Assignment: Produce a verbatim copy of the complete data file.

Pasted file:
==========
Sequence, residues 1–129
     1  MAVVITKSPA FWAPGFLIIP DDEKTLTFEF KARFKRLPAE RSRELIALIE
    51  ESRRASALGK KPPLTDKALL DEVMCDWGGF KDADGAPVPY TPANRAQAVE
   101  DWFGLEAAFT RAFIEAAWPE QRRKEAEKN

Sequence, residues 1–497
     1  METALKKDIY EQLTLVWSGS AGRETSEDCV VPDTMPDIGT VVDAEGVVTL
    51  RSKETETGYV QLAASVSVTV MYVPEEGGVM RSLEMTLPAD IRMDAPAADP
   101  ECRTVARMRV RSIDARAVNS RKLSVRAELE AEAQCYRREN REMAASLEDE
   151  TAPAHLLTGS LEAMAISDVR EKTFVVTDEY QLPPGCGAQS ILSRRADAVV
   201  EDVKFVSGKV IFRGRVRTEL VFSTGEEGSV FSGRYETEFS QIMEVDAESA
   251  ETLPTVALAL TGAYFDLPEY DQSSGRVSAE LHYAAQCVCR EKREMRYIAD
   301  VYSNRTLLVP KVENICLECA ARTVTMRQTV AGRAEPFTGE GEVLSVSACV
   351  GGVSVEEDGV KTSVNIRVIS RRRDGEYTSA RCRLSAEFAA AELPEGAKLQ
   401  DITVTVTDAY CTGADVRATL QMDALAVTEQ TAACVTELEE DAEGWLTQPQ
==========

Sequence, residues 1–129
     1  MAVVITKSPA FWAPGFLIIP DDEKTLTFEF KARFKRLPAE RSRELIALIE
    51  ESRRASALGK KPPLTDKALL DEVMCDWGGF KDADGAPVPY TPANRAQAVE
   101  DWFGLEAAFT RAFIEAAWPE QRRKEAEKN

Sequence, residues 1–497
     1  METALKKDIY EQLTLVWSGS AGRETSEDCV VPDTMPDIGT VVDAEGVVTL
    51  RSKETETGYV QLAASVSVTV MYVPEEGGVM RSLEMTLPAD IRMDAPAADP
   101  ECRTVARMRV RSIDARAVNS RKLSVRAELE AEAQCYRREN REMAASLEDE
   151  TAPAHLLTGS LEAMAISDVR EKTFVVTDEY QLPPGCGAQS ILSRRADAVV
   201  EDVKFVSGKV IFRGRVRTEL VFSTGEEGSV FSGRYETEFS QIMEVDAESA
   251  ETLPTVALAL TGAYFDLPEY DQSSGRVSAE LHYAAQCVCR EKREMRYIAD
   301  VYSNRTLLVP KVENICLECA ARTVTMRQTV AGRAEPFTGE GEVLSVSACV
   351  GGVSVEEDGV KTSVNIRVIS RRRDGEYTSA RCRLSAEFAA AELPEGAKLQ
   401  DITVTVTDAY CTGADVRATL QMDALAVTEQ TAACVTELEE DAEGWLTQPQ